Oscar Pistorius, a runner from South Africa who competed in the Olympics, has been granted parole and will be released from prison on January 5th.

Oscar Pistorius, the double-amputee Olympic runner from South Africa, was given parole on Friday, a decade after he fatally shot his girlfriend through a bathroom door at his residence. The Department of Corrections announced that he will be freed from prison on January 5th, but will be under strict supervision by parole officers for the remaining five years of his sentence. This high-profile killing shocked the global community.

Pistorius’ parole will come with other conditions, Department of Corrections spokesman Singabakho Nxumalo said outside of the prison where Pistorius has been incarcerated in the South African capital, Pretoria.

Pistorius is required to stay within the Pretoria region, unless granted permission by authorities. Additionally, he will participate in programs addressing anger management and violence against women. He is also responsible for completing community service.

According to Nxumalo, being paroled does not signify the completion of a sentence, but rather, it remains a part of the sentence. This only indicates that the inmate will serve the rest of their sentence outside of a correctional facility. Mr. Pistorius will then be assigned a monitoring official who will assist him until his sentence ends.

According to Nxumalo, the designated person in charge of monitoring must be informed of significant occurrences in Pistorius’ life, such as a desire to relocate or obtain employment.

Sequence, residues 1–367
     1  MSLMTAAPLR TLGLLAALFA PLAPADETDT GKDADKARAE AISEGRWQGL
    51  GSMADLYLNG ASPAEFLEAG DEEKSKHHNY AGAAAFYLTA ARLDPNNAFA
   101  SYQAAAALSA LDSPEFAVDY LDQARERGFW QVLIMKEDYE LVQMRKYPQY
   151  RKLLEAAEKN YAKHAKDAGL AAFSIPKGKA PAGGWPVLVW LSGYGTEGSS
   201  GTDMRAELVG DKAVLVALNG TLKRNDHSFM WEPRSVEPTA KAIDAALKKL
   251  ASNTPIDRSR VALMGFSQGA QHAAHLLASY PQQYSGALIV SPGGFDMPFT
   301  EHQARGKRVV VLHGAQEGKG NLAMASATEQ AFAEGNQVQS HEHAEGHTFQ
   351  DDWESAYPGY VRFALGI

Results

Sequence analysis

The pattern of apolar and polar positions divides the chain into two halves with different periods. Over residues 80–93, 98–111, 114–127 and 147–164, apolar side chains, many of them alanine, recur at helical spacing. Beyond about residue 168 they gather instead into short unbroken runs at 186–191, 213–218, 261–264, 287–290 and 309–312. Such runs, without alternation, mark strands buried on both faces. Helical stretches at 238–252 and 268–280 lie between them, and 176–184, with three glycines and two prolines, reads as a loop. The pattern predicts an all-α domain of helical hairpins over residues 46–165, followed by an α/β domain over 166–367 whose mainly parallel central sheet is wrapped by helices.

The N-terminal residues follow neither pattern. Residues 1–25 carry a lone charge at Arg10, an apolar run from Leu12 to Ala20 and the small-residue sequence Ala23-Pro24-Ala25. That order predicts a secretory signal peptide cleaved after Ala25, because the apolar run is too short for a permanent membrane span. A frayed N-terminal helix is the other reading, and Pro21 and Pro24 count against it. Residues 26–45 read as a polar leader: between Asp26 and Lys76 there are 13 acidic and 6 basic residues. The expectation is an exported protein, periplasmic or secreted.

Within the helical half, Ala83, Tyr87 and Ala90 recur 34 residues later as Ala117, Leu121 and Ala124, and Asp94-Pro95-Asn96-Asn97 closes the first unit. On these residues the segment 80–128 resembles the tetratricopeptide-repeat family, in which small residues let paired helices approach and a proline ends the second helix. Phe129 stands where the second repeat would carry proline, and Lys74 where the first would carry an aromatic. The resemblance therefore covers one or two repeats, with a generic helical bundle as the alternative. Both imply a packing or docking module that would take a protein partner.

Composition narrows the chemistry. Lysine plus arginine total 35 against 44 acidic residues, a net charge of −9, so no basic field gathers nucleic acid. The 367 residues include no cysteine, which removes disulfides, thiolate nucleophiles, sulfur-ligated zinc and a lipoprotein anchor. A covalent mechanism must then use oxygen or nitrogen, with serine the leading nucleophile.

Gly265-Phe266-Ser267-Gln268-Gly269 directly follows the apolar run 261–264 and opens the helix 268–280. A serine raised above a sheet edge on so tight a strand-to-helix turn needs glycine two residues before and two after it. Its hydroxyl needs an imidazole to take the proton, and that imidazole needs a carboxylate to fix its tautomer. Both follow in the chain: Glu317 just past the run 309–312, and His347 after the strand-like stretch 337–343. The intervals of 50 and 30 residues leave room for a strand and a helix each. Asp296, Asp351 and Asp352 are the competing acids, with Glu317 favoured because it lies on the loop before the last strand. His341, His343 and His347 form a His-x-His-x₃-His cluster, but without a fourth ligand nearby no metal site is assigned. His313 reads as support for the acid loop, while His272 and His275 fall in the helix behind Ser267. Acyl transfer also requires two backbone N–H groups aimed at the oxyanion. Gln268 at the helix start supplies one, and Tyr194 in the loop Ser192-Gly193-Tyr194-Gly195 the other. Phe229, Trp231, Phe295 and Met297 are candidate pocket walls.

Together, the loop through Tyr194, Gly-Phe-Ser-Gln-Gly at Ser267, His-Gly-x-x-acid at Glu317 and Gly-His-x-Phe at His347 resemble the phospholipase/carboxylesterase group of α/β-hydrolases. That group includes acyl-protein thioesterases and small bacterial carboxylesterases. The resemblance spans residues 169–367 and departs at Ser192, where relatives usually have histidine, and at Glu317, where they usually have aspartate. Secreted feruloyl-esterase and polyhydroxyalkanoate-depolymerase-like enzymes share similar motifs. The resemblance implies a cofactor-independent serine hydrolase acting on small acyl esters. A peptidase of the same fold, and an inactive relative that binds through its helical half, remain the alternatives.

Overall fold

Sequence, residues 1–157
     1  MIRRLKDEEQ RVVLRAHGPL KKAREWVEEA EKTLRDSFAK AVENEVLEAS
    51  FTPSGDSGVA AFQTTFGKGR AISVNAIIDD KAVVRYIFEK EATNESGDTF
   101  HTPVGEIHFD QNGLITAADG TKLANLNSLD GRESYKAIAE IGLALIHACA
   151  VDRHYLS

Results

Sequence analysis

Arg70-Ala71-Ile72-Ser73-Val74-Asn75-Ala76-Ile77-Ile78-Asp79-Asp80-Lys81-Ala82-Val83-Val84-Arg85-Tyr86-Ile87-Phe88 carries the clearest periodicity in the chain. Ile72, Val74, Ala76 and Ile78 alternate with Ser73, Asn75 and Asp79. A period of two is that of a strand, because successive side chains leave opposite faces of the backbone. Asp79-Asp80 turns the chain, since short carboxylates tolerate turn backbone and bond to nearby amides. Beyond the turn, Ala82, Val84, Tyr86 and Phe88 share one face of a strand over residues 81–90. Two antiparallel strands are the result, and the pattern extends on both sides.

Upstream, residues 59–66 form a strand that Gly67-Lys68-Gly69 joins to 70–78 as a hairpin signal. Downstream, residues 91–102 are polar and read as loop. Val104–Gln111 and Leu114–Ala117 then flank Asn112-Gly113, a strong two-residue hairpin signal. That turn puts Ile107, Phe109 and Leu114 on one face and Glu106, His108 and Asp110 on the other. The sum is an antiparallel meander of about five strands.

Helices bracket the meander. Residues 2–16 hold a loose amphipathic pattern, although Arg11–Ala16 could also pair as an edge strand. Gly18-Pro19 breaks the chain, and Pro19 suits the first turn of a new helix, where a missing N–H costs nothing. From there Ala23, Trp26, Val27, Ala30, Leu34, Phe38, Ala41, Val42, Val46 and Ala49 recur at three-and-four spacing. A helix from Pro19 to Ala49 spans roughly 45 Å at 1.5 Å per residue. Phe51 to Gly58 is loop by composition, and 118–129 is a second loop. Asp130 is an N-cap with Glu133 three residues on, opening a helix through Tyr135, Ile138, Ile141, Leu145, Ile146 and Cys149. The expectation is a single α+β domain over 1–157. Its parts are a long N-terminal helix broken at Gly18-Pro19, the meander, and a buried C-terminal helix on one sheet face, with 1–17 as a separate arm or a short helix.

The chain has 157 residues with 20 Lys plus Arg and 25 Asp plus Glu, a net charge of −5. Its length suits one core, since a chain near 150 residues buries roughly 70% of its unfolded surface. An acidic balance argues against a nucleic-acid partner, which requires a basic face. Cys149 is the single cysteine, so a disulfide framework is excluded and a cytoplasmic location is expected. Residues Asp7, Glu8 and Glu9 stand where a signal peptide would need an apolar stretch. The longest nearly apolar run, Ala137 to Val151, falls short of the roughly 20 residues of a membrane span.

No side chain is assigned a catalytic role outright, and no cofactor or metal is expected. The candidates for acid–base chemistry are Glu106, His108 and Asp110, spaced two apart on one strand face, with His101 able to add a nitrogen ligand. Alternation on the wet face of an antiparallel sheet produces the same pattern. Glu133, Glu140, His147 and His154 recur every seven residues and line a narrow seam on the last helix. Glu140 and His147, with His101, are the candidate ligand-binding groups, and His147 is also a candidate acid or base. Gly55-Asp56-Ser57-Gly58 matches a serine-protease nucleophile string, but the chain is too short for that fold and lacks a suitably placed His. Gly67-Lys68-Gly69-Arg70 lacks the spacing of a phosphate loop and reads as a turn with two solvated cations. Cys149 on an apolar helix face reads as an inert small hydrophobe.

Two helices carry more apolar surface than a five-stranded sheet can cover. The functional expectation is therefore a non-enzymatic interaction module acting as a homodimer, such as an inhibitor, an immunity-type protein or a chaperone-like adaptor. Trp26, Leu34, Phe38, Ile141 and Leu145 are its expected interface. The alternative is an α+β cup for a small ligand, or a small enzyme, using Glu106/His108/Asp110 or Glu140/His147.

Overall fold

Nxumalo stated that we must be aware of all activities.

According to Nxumalo, Pistorius will not be required to wear a monitoring bracelet as it is not a standard part of parole procedures in South Africa. Pistorius’ sentence will end on December 5, 2029.

Parole was approved during a prison hearing on Friday.

Pistorius, who celebrated his 37th birthday this week, has been incarcerated since late 2014 for the murder of model Reeva Steenkamp on Valentine’s Day 2013. He was briefly released for house arrest in 2015 during one of his many appeals. He was ultimately found guilty of murder and given a prison sentence of 13 years and five months.

In South Africa, individuals who commit serious crimes must complete at least half of their sentence before being considered for parole. Pistorius has fulfilled this requirement.

During his peak of popularity and being highly revered as an athlete, Pistorius fatally shot Steenkamp in the bathroom of his villa in Pretoria before dawn. He used his licensed 9mm pistol and fired multiple shots.

Pistorius had his second parole hearing within eight months. During the first hearing in March, he was incorrectly deemed ineligible for early release due to a mistake made by an appeals court regarding the official start date of his sentence.

Pistorius was first found guilty of culpable homicide, which is similar to manslaughter, for the murder of Steenkamp. However, this conviction was later overturned and he was instead convicted of murder following an appeal by the prosecution. The prosecutors also appealed against the initial sentence of six years for murder, resulting in Pistorius ultimately receiving a sentence of 13 years and five months in prison.